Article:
Calls for police and fire will continue to be answered speedily and trash still will be picked up on schedule even as the city faces financial pressures caused by COVID-19.
Public safety was the top priority of residents who responded to a telephone town hall and online survey as Mayor Lovely Warren prepared the 2020-21 city budget.
On May 15, she submitted a proposed $529.6 million spending plan to City Council. The plan calls for the city to use some reserves – its “rainy day” fund – and to raise property taxes on homeowners by a total of $9 million.
The total budget is $26 million less than the amended budget for the current year and reflects austerity dictated by the pandemic.
Warren said the city headed into the budget process knowing it had to close a $40.5 million gap. That increased to $64.4 million over the past two months.
“As I have said before, COVID-19 is a public health crisis that has become a fiscal crisis for Rochester and cities across America,” Warren said in an online news conference.
The budget assumes a decrease of $17.6 million in state aid and a reduction of more than $24 million in sales tax – two of the city’s three major sources of revenue.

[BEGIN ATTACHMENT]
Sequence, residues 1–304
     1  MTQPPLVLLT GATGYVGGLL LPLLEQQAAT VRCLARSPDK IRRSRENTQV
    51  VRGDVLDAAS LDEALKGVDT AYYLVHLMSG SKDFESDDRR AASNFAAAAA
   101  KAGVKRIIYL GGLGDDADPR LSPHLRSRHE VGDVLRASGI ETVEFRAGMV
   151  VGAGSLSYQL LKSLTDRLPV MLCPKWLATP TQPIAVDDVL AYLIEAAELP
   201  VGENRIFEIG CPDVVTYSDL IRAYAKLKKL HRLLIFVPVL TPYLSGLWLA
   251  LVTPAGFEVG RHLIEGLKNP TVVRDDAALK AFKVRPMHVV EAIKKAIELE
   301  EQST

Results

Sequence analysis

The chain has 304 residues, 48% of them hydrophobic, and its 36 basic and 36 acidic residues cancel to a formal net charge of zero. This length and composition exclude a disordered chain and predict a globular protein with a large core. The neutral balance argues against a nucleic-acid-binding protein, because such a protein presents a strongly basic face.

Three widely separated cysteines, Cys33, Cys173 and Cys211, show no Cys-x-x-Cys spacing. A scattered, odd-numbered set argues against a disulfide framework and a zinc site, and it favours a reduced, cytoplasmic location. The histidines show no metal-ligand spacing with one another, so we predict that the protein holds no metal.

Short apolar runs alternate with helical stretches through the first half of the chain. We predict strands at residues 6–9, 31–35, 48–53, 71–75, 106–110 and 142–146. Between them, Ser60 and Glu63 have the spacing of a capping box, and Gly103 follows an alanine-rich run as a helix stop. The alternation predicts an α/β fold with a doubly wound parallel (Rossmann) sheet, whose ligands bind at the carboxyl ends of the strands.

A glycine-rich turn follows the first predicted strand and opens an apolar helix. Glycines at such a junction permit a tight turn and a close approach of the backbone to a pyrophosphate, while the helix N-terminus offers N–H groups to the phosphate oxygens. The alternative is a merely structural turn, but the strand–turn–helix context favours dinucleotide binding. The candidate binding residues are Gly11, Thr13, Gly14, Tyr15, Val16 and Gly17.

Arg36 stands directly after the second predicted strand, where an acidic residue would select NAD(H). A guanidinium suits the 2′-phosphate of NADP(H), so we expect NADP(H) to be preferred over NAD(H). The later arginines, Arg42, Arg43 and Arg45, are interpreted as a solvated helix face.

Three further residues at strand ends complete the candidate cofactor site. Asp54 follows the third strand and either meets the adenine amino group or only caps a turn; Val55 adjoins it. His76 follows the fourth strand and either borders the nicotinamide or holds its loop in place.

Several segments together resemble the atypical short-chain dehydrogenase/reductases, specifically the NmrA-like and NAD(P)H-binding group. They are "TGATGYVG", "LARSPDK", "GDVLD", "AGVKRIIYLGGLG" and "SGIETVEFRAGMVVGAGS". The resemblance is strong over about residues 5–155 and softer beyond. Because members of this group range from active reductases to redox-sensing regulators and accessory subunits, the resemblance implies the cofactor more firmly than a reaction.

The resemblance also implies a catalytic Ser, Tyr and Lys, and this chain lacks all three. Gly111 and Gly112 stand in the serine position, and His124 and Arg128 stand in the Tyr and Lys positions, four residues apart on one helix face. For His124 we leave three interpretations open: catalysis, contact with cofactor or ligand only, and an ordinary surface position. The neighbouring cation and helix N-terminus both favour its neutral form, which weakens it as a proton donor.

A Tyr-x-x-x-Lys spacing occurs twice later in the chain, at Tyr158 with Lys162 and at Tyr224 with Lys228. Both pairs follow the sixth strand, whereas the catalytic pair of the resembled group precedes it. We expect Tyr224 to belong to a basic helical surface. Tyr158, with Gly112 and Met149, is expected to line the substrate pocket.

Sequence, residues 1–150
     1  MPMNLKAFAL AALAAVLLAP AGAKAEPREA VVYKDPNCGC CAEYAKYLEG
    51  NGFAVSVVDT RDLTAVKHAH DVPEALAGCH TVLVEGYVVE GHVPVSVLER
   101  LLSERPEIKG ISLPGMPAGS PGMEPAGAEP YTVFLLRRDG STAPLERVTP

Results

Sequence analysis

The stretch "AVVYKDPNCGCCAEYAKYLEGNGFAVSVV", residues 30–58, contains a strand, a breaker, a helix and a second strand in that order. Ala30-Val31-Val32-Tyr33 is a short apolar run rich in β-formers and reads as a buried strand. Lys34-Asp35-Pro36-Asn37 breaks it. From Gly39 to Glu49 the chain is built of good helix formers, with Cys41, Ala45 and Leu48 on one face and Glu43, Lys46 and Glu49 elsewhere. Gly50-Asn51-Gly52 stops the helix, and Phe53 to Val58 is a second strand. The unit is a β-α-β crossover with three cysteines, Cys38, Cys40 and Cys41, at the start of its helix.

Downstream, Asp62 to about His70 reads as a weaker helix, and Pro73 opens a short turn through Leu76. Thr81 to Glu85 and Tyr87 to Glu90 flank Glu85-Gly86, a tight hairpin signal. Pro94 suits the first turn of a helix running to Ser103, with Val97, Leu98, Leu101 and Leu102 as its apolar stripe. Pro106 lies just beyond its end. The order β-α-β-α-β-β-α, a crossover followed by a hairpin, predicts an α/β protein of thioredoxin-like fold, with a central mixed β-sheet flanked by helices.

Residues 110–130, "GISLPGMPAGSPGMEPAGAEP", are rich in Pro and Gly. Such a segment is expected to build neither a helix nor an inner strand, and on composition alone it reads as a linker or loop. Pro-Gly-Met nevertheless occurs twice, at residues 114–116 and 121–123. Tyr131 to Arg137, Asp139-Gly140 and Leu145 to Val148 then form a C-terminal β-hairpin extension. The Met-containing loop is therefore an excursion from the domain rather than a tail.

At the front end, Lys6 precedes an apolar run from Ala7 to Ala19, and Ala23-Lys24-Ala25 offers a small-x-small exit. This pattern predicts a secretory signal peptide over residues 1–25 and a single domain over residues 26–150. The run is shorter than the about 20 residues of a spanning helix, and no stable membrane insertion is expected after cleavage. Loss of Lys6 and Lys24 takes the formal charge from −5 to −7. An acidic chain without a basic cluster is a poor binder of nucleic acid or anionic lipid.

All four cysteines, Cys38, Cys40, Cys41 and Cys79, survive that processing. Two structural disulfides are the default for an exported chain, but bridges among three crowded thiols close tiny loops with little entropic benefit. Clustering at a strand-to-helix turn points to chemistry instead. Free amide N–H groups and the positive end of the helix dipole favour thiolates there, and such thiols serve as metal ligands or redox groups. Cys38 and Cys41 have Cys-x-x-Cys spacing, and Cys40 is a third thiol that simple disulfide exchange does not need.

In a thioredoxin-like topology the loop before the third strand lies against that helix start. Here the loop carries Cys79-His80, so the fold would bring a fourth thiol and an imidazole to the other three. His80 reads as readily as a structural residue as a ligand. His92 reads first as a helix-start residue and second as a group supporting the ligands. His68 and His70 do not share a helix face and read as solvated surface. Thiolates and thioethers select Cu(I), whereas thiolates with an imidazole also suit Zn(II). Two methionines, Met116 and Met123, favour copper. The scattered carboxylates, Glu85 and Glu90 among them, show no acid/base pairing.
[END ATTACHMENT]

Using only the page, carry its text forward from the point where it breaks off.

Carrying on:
“The impact of these losses can’t be understated,” she said.
The actual loss is sale tax may depend on whether cases of COVID-19 remain stable as businesses reopen. A spike in cases could send the community back to square one, prolonging the economic impact of the pandemic. On May 15, Monroe County began the first phase of reopening with some manufacturing, construction and curbside pick-up for retail. It will be at least two weeks – the incubation period for the virus — before the second phase begins.
The city has stopped discretionary spending and non-essential hiring, and in early May announced furloughs, job shares and layoffs. Those actions saved $16 million.
Budget director Chris Wagner said the city takes a conservative approach to budgeting. However, neither he nor Warren gave specifics about what services would be affected if COVID-19 continued to ravage budgets.
While the city is putting off some capital projects, it is continuing with work on La Marketa on North Clinton Avenue, Roc the Riverway downtown and the Neighborhood Police Section Office on East Main Street.
The city also is supporting small businesses. Warren said that approximately $600,000 from the emergency grant program has been allocated to nearly 300 local employers.
Property tax is the other main source of revenue. Warren said the increase was necessary to preserve essential services, which include meal distribution at R-Centers.
She said the increase would cost the “typical homeowner” approximately $2.57 per week or $133.79 per year.
Warren’s budget presentation put the typical home value at $87,900.
The typical business tax bill would decrease by $243.94 a year. The typical business value was listed in the presentation at $307,000.
City Council is scheduled to hold budget hearings on June 3, 9 and 10. Council votes on the budget on June. 16.